This film has been around for a few years, but I only had the opportunity to view it last night. It contributed to troubled sleep the rest of the night.
Naturally for any film attempting to address the Holocaust, this work deals with the horrors of that surpassing act of inhumanity. But by placing the primary focus on a child, on two children, this work evokes an emotional level not reached by many other films. For behind these children’s suffering always lies the child’s unanswerable question, Why?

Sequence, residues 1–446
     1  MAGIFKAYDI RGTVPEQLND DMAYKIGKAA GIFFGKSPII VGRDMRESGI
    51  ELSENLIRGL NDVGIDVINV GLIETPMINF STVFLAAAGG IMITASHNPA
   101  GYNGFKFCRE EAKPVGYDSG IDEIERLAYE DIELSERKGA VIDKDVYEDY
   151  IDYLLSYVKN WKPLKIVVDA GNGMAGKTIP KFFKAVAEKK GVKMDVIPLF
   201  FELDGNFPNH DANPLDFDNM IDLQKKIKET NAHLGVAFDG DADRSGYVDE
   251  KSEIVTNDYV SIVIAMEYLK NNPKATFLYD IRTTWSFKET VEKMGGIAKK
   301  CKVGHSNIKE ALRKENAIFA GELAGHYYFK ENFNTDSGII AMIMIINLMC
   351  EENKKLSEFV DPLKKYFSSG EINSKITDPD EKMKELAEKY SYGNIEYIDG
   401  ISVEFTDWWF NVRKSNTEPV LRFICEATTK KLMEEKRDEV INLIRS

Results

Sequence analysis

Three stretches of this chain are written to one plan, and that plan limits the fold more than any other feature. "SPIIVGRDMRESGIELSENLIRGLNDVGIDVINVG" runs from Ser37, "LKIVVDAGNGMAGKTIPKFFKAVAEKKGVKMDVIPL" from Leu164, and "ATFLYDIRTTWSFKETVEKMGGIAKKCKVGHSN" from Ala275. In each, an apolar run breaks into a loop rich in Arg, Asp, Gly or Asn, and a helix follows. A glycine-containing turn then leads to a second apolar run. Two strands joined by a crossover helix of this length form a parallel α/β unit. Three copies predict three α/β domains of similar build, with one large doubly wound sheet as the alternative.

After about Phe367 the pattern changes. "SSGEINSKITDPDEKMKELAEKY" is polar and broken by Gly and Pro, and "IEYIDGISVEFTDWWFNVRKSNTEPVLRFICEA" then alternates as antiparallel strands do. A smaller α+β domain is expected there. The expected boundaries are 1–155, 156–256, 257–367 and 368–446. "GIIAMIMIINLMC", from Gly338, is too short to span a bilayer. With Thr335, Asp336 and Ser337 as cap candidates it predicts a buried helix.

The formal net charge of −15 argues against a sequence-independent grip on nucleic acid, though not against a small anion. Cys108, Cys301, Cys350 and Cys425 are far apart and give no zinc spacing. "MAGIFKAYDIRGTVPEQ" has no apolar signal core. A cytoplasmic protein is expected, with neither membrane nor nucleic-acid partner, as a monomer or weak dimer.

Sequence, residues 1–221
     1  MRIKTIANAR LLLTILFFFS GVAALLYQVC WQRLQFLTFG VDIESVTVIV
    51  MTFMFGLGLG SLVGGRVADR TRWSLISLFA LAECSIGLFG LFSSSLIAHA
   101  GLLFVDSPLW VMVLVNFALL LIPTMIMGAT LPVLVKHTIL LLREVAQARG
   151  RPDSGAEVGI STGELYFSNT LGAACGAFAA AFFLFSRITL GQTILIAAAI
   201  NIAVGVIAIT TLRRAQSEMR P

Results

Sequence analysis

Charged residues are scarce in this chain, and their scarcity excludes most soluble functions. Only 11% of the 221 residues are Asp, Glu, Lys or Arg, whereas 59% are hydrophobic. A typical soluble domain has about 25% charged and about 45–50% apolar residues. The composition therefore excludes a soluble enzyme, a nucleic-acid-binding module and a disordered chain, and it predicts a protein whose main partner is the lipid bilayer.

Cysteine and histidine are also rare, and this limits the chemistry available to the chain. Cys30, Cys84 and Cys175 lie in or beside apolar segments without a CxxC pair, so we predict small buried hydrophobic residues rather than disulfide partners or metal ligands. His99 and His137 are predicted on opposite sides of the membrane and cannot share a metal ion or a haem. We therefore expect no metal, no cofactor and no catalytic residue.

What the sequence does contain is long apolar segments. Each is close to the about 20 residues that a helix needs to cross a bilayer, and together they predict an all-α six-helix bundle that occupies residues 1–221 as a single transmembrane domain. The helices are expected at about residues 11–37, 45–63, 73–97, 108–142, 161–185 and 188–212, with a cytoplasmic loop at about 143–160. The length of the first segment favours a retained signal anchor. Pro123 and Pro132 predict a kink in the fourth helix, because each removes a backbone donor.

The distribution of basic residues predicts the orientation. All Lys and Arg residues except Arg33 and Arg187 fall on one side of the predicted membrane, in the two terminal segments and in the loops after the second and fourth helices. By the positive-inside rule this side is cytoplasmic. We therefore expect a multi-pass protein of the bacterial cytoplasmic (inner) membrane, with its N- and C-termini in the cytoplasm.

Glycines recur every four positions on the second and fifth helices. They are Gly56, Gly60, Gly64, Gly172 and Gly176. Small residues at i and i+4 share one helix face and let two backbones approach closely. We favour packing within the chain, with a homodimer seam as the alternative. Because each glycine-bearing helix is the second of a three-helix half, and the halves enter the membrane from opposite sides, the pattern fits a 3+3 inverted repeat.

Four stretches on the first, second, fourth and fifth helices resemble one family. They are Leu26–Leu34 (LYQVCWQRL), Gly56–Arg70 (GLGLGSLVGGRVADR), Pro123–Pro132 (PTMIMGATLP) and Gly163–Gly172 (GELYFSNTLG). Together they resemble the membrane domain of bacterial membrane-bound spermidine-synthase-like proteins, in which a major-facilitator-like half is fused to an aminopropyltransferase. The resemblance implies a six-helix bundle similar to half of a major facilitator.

The film naturally addresses the reality of inhumanity, but neatly summarizes how easy it is to dehumanize others and then treat them inhumanely. When young Bruno asks his father about the people on “the Farm” (as he imagines the camp to be), he receives the halting answer, “Those people... well, they really aren't people.” That is it, in a chilling nutshell.
The film is beautifully made, with fine performances and skillful direction. It builds rather like a Mahler symphony to its inevitable and tragic end, and is profoundly moving and disturbing, perhaps most of all because that question is left hanging in the air: Why?
Tobias Stanislas Haller BSG